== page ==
Ancient Monuments

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Pipton Long Barrow

A Scheduled Monument in Gwernyfed, Powys

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Coordinates

Latitude: 52.0275 / 52°1'38"N

Longitude: -3.2252 / 3°13'30"W

OS Eastings: 316036

OS Northings: 237272

OS Grid: SO160372

Mapcode National: GBR YX.GDLW

Mapcode Global: VH6BP.19TK

Entry Name: Pipton Long Barrow

Scheduled Date:

Source: Cadw

Source ID: 967

Cadw Legacy ID: BR029

Schedule Class: Religious, Ritual and Funerary

Category: Long barrow

Period: Prehistoric

County: Powys

Community: Gwernyfed

Traditional County: Brecknockshire

Description

The monument consists of the remains of a chambered long cairn, dating to early Neolithic (c. 4,200BC - 3,000BC). A long cairn is a roughly rectangular or trapezoidal mound of stone, usually between 25m and 120m long, with a length exceeding twice its greatest width. The mound may be edged with a timber or stone revetment, and they contain one or more stone or wooden burial chambers at one end. The remains of the monument comprise an oval mound 30m long, 18m wide at the NE end and 8m wide at the SW end. There are no traces of chambers although two uprights slabs protrude through the grass at the E end. The site was excavated by H.N. Savory in 1950 who found it to be a well-preserved example of a laterally chambered Cotswold-Severn tomb. It was revealed as wedge-shaped in plan with horns at the N end enclosing a forecourt and a dummy portal. Within the cairn were two main chambers, one approached along a passage from the west side, and one enclosed within the cairn in the form of a cist. The cist chamber contained the remains of 5 individuals.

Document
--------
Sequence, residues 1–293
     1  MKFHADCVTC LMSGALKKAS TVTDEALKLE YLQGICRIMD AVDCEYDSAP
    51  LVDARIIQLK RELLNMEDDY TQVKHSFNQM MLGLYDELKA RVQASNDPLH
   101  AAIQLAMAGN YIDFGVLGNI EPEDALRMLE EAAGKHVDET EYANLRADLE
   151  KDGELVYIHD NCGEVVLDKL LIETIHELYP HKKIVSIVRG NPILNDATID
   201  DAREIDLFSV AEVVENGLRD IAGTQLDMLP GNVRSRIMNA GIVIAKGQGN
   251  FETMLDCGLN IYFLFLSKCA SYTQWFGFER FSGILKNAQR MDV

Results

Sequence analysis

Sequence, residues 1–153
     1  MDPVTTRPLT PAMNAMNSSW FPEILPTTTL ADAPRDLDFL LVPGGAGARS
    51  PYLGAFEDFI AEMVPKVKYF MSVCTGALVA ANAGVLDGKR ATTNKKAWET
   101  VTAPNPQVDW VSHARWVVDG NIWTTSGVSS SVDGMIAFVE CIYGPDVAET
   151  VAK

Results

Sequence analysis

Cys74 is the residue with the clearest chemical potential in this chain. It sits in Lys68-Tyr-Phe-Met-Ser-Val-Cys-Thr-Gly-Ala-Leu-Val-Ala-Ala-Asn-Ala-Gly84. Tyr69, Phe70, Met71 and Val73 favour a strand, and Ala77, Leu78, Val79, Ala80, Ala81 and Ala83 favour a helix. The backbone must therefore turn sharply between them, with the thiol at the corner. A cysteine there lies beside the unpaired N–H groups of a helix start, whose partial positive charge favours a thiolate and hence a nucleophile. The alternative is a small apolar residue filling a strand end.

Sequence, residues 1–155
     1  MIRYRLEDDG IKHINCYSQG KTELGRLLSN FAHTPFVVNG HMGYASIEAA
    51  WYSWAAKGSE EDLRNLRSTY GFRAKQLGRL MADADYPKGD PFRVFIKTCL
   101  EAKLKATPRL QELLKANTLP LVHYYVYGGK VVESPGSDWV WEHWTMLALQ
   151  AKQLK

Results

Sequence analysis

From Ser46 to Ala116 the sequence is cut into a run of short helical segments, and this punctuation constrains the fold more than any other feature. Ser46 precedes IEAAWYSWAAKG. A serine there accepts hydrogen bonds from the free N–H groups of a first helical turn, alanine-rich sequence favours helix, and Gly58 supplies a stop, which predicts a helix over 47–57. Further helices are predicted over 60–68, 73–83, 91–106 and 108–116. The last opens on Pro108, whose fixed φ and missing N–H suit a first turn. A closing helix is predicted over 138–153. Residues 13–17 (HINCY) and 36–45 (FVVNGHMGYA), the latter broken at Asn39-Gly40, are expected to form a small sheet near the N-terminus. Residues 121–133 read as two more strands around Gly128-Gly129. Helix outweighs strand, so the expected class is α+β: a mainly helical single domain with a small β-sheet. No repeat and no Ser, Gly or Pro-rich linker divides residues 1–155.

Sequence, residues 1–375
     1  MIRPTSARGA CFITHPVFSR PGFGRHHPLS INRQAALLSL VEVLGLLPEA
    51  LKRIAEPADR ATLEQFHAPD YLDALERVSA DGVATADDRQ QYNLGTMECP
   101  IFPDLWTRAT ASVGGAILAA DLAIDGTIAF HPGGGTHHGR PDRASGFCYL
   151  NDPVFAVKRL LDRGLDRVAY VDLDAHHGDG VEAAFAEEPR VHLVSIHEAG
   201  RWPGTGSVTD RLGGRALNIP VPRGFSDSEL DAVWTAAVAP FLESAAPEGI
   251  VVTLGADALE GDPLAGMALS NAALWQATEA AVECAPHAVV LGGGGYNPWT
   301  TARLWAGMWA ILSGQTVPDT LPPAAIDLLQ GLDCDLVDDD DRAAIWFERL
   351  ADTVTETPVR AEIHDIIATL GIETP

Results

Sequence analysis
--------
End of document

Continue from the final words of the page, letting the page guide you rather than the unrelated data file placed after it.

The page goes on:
The monument is of national importance for its potential to enhance our knowledge of prehistoric burial and ritual. The monument is an important relic of a prehistoric funerary and ritual landscape and retains significant archaeological potential, with a strong probability of the presence of both intact burial or ritual deposits and environmental and structural evidence, including a buried prehistoric land surface. Long barrows may be part of a larger cluster of monuments and their importance can further enhanced by their group value.

The scheduled area comprises the remains described and areas around them within which related evidence may be expected to survive.

Source: Cadw

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